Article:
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Realestate Today

Retrospective valuations are a way for you to get an estimate of the value of your property or business at a certain time prior to today's market. Many Property investors and property owners are unaware that they need to know the current value of their property as well as the value on the day it was acquired

We’ve put together this guide to help you establish and understand when a Retrospective Valuation is needed.

What is a retrospective valuation?

Put simply, a retrospective, otherwise known as backdated valuation, is an estimate of the value of your property based on a particular time in history. It can help you with things like estate planning and tax purposes, as well as other financial issues that may arise.

The most common use of this type of valuation property report is to identify a property investor's capital gains tax liability, as this will depend on the increase in the property's value from the purchase time or first used as an investment property to the time it is being sold.

Other circumstances to consider if you require a retrospective valuation report.

1.    Separation from a spouse: for distribution purposes, the property’s value must be identified on the date of official separation.

2.    Inheritance of properties in a deceased individual’s estate: identifying the value of the property on the date of the deceased individuals' death for distribution purposes.

Why do I need a retrospective valuation?

Retrospective valuations are helpful for many different reasons! One reason you might need a retrospective valuation is that you are looking to sell your property, but you're not sure what it's worth.

Another reason may be that someone has told you they want to buy your business and offer a certain amount of money for it- but again, there's no way of knowing the true value without doing a little research of the prior market value from a certain time period.

Retrospective valuations can also help you if you're looking to do tax planning for your business or personal assets, wondering what insurance coverage is appropriate, and wanting to make sure that a potential sale of your property would be at market value- the list goes on!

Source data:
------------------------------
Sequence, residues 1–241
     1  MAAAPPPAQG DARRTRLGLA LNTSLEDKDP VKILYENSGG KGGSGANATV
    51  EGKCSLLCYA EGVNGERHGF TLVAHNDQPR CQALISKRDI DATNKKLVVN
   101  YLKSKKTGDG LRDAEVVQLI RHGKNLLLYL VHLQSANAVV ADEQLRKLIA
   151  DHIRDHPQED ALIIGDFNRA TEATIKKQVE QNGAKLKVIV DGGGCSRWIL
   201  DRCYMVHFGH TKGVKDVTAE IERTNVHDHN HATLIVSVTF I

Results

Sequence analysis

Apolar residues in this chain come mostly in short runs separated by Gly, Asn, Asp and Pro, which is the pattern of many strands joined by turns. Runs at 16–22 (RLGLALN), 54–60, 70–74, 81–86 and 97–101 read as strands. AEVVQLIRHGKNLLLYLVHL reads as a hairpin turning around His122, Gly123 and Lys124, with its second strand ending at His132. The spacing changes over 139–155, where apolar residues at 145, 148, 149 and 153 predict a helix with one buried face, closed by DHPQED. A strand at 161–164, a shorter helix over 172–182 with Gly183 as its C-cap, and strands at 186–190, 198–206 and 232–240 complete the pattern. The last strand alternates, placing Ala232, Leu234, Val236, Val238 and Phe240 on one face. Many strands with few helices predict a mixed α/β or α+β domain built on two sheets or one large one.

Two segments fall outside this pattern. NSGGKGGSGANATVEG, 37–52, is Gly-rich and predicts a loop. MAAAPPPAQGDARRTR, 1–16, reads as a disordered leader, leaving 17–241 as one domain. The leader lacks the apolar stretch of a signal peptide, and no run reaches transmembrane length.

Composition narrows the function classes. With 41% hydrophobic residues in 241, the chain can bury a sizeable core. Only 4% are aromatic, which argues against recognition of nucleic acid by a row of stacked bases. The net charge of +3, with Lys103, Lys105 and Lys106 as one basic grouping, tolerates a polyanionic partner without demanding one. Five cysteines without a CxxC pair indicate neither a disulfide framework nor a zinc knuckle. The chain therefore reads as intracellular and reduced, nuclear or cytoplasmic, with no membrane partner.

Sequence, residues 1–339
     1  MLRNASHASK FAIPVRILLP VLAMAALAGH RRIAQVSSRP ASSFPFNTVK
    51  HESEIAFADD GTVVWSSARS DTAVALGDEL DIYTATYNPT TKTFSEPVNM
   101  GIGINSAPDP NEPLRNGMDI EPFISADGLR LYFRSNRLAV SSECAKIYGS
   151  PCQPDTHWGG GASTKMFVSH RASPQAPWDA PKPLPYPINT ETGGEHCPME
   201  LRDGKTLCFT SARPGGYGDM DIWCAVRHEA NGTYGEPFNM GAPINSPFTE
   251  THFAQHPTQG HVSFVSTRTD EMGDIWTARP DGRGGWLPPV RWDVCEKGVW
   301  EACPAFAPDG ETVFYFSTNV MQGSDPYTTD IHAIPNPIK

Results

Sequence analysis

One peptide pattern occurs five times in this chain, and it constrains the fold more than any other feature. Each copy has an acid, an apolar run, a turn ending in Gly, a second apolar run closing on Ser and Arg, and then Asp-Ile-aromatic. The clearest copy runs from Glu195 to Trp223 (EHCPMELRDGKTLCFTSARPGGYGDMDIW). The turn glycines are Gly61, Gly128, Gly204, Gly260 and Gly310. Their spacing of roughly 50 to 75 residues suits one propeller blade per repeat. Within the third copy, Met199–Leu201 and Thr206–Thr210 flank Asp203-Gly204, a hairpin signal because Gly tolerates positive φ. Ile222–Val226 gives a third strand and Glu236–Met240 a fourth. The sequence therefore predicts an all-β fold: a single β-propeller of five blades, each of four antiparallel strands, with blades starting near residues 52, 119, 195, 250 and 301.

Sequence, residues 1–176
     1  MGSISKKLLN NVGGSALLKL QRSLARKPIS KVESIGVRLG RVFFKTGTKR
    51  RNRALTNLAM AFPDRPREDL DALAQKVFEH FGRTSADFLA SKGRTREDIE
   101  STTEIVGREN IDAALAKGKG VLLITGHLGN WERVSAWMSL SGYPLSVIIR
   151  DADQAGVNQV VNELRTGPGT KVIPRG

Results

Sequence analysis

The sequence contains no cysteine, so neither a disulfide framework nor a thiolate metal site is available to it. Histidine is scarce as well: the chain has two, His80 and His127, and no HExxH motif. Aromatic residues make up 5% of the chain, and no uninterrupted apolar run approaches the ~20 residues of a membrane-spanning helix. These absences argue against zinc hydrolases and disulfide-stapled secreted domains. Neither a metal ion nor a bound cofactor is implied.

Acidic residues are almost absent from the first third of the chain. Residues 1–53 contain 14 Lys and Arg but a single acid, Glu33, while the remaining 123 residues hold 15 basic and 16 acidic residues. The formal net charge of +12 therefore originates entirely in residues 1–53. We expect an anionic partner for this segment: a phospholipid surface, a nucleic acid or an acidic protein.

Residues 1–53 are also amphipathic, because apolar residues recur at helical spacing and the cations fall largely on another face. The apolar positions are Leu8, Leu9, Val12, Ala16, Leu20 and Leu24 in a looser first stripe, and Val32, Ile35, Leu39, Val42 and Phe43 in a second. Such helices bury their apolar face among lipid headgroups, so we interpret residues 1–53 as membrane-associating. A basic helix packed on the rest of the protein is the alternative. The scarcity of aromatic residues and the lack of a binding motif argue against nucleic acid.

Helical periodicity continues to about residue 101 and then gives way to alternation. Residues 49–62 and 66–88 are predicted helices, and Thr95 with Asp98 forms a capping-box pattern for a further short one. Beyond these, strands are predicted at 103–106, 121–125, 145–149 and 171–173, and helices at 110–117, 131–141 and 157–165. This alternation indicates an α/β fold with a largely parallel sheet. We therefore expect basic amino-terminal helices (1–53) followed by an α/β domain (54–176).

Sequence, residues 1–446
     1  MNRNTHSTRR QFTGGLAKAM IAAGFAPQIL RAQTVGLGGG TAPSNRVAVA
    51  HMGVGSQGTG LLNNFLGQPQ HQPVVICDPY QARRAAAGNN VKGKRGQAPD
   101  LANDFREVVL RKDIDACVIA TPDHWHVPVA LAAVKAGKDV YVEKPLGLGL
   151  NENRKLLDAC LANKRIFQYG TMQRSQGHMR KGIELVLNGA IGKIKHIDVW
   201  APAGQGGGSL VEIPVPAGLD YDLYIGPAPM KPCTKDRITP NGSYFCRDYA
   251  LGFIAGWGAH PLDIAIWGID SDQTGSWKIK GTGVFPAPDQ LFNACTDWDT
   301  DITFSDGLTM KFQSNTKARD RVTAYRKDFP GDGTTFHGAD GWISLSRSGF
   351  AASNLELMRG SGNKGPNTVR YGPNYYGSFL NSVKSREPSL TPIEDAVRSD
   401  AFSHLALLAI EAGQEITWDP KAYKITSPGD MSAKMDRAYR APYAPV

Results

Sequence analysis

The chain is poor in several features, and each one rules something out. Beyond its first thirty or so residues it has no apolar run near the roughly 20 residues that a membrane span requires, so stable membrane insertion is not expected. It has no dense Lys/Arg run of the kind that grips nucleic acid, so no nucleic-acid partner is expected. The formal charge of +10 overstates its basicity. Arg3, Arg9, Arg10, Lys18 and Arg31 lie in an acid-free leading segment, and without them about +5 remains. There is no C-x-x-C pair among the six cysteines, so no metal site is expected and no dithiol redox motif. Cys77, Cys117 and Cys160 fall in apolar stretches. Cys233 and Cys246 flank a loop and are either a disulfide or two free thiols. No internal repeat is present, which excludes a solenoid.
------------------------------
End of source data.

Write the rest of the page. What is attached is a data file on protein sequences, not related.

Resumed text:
Our role as professional valuers is to accurately identify the original property price at the date in question, a historical data analysis and physical inspection would be undertaken, as our valuations reports require high knowledge and understanding of the property.

A Historical Data Analysis

A property valuer will gain access to the database which contains the historical market value data. This data will give a valuer clear information about the market conditions when the property was initially purchased.

A value of a property fluctuates on a regular basis, this means valuers would have to do extensive research into the market conditions over this time. Any changes significantly impact the current sale price as well as the historical valuation of a property.

A Physical Inspection

Property valuers conduct physical inspections which allows them to gather substantial evidence to provide an accurate property valuation which can have a significant influence on the overall value of the property.

This is identified by:

  • * the condition of the property.

  • * complex or hidden attributes that could not be established through data analysis.

  • * potential structural and pest issues; and

  • * the surrounding area and available amenities.

While a physical inspection is not always required, it gives the Property Valuer a good picture of details that would otherwise be overlooked.

Key Takeaway

A basic breakdown in understanding how retrospective valuations can benefit you and when it is required. The valuer will take into account any major changes to the property in their property valuation services which can affect the current valuation figures in contrast to the original date.

In each of the above instances mentioned, a retrospective valuation has a significant impact in various circumstances, e.g. individual’s tax obligation (CGT), separation from a spouse, and inheritance of properties from a deceased individual.

It’s necessary to obtain a retrospective valuation property report from a certified property valuer. If you are new to the world of property investment or valuations, and all the unfamiliar terms of understanding of where to start and what service is best for you, get in touch with us today for any questions or services to do with your property in both commercial and real estate.

Author Bio

Kerryn Lee – LinkedIn Profile

Kerryn Lee is an API qualified property valuer with upwards of 20 years’ experience working in the Adelaide property market. Her expertise spans over all property types and sizes, and includes specialisation in litigation, compensation, and Family Law Court property valuations. Using this experience, Kerryn has completed valuations on large scale properties within South Australia valued over $10 million.

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